Explained: As PM Modi Launches Platform To Honour Top Taxpayers; Here’s All About India’s Tax Statistics

Explained: As PM Modi Launches Platform To Honour Top Taxpayers; Here’s All About India’s Tax StatisticsPrime Minister Narendra Modi.

Prime Minister Narendra Modi today (13 August) launched the platform for "Transparent Taxation - Honouring the Honest" via video conferencing.

"At 11 AM on Thursday, 13 August, the platform for "Transparent Taxation - Honoring the Honest" would be launched. This adds strength to our efforts of reforming and simplifying our tax system. It will benefit several honest taxpayers, whose hard work powers national progress," PM Modi had earlier tweeted.

Last year, reports had come out that the government was planning to reward top income taxpayers, which could include an invitation to tea with the finance minister or the prime minister, among other non-monetary incentives.

India’s tax statistics

Direct tax in India consists of Personal Income Tax as well as Corporation Tax. The Economic Survey 2016-17 points out that India’s direct tax to GDP ratio is 5.4 per cent, way below than that of comparable countries, and has barely budged since 1991.

OECD members have an average of 34 per cent tax-GDP ratio.

In the last fiscal, the direct tax to GDP ratio fell to its lowest in 14 years, at 5.18 per cent. Personal income tax makes for less than 2.5 per cent of the GDP.

In India, very few pay direct taxes. There is one direct tax payer for 16 voters. Around six crore file IT returns, and around 5 crore of them pay practically no tax.

A famous economist had once said that only one percent of Indians pay taxes, if India had a libertarian government, it would have been a libertarian paradise.

The current system is in favour of the indirect taxes. Around two-thirds of the centre, state’s tax revenue comes from the indirect tax. Currently, indirect tax stands at 4.69 per cent of the GDP, only marginally lower than the direct tax.

In fact, previously, the share of indirect taxes has reached as high as 90 per cent of the total tax revenue. The problem is that indirect taxes are regressive - a 10 per cent tax on a biscuit pack will hurt a poor person more than a rich person.

Taxes are also an important part of the social contract between the people and the state. Since very few pay taxes, very few put pressure on the government to use the money wisely.

Low taxes create political incentives for the successive governments to borrow money and spend it on populist schemes instead of building an efficient tax system that spurs economic growth.

It also means that the state’s capacity is limited in spending on national security, modern welfare system or public goods, and a persistent fiscal deficit.

It also means that the government is forced to raise money in less efficient ways and govern through regulation.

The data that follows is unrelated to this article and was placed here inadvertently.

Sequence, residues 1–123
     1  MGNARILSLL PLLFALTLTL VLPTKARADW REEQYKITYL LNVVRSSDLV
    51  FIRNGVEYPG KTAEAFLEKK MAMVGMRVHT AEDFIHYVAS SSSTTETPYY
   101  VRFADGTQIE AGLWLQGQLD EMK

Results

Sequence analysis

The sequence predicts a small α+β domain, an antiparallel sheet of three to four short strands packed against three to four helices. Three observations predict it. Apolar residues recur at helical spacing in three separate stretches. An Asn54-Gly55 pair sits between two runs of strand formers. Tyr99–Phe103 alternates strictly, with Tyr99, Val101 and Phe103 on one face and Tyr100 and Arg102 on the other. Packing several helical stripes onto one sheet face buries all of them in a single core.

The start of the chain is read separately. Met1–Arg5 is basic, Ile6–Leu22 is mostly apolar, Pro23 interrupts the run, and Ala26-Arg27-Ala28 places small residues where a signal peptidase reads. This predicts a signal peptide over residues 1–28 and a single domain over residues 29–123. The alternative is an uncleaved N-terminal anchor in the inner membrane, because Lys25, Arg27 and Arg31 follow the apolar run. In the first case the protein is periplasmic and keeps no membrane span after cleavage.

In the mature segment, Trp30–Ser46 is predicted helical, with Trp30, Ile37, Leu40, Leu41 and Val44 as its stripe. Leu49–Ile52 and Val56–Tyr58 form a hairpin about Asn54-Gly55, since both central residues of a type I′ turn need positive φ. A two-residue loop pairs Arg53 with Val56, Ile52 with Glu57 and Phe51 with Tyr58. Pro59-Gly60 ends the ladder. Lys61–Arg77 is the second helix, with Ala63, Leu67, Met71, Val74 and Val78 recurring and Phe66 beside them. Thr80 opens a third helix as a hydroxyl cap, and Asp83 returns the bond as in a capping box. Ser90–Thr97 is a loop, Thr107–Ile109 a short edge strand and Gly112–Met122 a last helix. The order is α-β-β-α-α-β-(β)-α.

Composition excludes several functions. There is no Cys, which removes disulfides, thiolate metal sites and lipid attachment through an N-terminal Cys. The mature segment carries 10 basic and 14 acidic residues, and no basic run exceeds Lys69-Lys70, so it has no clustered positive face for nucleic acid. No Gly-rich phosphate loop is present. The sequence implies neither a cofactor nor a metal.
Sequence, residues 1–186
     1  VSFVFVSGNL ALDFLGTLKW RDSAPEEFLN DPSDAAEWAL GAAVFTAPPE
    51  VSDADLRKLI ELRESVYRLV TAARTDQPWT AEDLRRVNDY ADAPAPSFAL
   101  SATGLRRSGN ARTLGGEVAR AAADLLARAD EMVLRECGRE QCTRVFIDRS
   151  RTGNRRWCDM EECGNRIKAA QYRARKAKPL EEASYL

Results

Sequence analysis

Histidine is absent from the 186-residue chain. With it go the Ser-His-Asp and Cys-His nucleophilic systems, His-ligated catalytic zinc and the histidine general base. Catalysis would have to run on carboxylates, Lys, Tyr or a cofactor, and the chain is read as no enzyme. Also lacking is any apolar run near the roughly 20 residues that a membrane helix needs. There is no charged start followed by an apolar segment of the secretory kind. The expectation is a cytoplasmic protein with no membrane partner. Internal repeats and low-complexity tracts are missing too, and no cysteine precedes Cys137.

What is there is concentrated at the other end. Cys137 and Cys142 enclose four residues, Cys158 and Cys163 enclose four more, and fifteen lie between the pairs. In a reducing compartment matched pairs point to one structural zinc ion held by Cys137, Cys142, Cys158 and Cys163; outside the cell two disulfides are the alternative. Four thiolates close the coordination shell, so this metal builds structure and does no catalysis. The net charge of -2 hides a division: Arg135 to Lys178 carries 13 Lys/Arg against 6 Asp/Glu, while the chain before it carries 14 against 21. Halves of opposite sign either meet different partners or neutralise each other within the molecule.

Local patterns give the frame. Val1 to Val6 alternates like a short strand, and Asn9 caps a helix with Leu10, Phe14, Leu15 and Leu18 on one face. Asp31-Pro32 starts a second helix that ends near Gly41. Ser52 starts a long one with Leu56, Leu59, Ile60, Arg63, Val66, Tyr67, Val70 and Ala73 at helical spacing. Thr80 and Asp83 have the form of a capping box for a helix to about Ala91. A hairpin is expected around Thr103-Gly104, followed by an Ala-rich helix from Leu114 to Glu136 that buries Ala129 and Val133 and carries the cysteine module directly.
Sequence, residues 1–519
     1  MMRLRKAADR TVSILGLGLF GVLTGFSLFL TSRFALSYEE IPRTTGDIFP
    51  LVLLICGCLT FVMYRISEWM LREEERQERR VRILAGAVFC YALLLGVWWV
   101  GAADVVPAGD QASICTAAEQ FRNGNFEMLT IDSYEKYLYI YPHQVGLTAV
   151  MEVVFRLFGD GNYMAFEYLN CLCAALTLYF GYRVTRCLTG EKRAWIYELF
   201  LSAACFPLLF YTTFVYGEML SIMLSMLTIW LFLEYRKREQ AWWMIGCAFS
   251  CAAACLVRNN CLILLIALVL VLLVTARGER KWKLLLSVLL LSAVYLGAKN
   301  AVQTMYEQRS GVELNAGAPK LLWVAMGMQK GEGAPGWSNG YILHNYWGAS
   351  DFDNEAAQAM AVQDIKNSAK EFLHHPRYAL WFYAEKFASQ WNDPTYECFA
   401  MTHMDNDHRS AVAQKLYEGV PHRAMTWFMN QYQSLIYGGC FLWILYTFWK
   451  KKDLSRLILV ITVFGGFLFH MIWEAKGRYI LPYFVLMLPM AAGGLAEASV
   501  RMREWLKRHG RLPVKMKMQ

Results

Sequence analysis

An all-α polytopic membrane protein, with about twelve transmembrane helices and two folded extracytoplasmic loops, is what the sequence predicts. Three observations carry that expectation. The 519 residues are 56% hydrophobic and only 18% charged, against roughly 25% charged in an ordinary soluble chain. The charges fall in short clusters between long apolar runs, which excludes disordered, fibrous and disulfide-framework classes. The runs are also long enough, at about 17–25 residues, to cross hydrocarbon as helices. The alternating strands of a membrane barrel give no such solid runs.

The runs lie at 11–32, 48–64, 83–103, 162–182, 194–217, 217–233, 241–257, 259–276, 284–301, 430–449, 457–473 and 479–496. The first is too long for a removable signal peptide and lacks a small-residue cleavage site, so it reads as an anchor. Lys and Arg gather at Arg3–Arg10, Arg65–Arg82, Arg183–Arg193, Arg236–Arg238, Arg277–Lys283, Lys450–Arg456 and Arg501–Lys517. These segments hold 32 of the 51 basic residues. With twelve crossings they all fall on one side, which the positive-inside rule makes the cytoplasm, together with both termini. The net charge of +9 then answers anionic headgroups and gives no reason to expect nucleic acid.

Another dilemma is that in India, high productivity sectors are taxed while low productivity sectors aren’t. So, valuable resources remain trapped in the latter. Bringing the informal sector into the formal, levelling the playing field, therefore, is also important.

It is also important to point out that mere increase in tax rate doesn’t amount to revenue maximisation. Tax revenue depends on both income and compliance. A very high tax rate not only encourages people to evade and avoid paying taxes, but also dampens the economic activity.

Tax Reform

Various scholars, including India’s chief economic advisers have advised the government to use behavioural sciences to promote tax compliance. Celebrating top tax payers is definitely a step in the right direction.

The government has taken various steps to reform the taxation system in the country.

  • Last year, the Corporate Tax rates were reduced from 30 per cent to 22 per cent and for new manufacturing units, the rates were reduced to 15 per cent.

  • Dividend distribution tax was abolished.

  • Compliance norms for startups have been simplified.

  • Every communication of the Income Tax (IT) department is supposed to carry a computer generated unique document identification number (DIN) to ensure transparency and accountability.

  • The government is working on a faceless electronic assessment system to minimise human interface

  • IT Department has moved forward with the pre-filling of income tax returns to make compliance easier

  • IT department has also brought "Vivad se Vishwas Act, 2020" to resolve pending cases. Last year, a similar ‘Sabka Vishwas Scheme’ brought in to reduce litigation in indirect taxes in the year 2019 resulted in settling over 1,89,000 cases.

  • Government has also taken several steps to promote digital transactions and electronic modes of payment.

Currently, the payment of taxes is a private matter between IT department and an individual. IT department is a faceless entity. Instead, taxation should become a social activity. Direct communication from prime minister or finance minister will encourage people.

Positive communication from the government to people that their tax money helped build a road in a remote area, personal stories of beneficiaries etc. may also help.

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